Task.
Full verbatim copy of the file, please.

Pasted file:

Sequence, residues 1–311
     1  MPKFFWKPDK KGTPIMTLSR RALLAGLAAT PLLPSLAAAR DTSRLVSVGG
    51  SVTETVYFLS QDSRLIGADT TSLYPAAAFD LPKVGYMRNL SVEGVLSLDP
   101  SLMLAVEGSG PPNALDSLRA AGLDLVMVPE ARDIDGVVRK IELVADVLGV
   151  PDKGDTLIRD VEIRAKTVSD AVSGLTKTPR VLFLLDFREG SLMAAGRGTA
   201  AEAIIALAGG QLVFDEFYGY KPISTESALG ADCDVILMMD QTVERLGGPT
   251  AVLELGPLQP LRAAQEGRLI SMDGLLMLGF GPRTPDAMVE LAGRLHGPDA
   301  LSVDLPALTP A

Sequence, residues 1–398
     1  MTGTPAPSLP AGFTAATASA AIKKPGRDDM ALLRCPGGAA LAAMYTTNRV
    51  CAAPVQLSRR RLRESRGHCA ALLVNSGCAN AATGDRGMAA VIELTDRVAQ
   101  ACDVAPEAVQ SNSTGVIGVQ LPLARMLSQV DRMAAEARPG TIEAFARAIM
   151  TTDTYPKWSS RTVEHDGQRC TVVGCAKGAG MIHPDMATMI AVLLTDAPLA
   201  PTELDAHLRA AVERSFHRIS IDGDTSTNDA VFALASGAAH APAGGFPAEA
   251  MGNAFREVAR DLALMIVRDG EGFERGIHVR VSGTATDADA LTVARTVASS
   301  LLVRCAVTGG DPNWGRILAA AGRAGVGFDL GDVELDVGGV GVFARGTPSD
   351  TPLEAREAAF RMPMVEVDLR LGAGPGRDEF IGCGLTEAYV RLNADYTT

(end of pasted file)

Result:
Sequence, residues 1–311
     1  MPKFFWKPDK KGTPIMTLSR RALLAGLAAT PLLPSLAAAR DTSRLVSVGG
    51  SVTETVYFLS QDSRLIGADT TSLYPAAAFD LPKVGYMRNL SVEGVLSLDP
   101  SLMLAVEGSG PPNALDSLRA AGLDLVMVPE ARDIDGVVRK IELVADVLGV
   151  PDKGDTLIRD VEIRAKTVSD AVSGLTKTPR VLFLLDFREG SLMAAGRGTA
   201  AEAIIALAGG QLVFDEFYGY KPISTESALG ADCDVILMMD QTVERLGGPT
   251  AVLELGPLQP LRAAQEGRLI SMDGLLMLGF GPRTPDAMVE LAGRLHGPDA
   301  LSVDLPALTP A

Sequence, residues 1–398
     1  MTGTPAPSLP AGFTAATASA AIKKPGRDDM ALLRCPGGAA LAAMYTTNRV
    51  CAAPVQLSRR RLRESRGHCA ALLVNSGCAN AATGDRGMAA VIELTDRVAQ
   101  ACDVAPEAVQ SNSTGVIGVQ LPLARMLSQV DRMAAEARPG TIEAFARAIM
   151  TTDTYPKWSS RTVEHDGQRC TVVGCAKGAG MIHPDMATMI AVLLTDAPLA
   201  PTELDAHLRA AVERSFHRIS IDGDTSTNDA VFALASGAAH APAGGFPAEA
   251  MGNAFREVAR DLALMIVRDG EGFERGIHVR VSGTATDADA LTVARTVASS
   301  LLVRCAVTGG DPNWGRILAA AGRAGVGFDL GDVELDVGGV GVFARGTPSD
   351  TPLEAREAAF RMPMVEVDLR LGAGPGRDEF IGCGLTEAYV RLNADYTT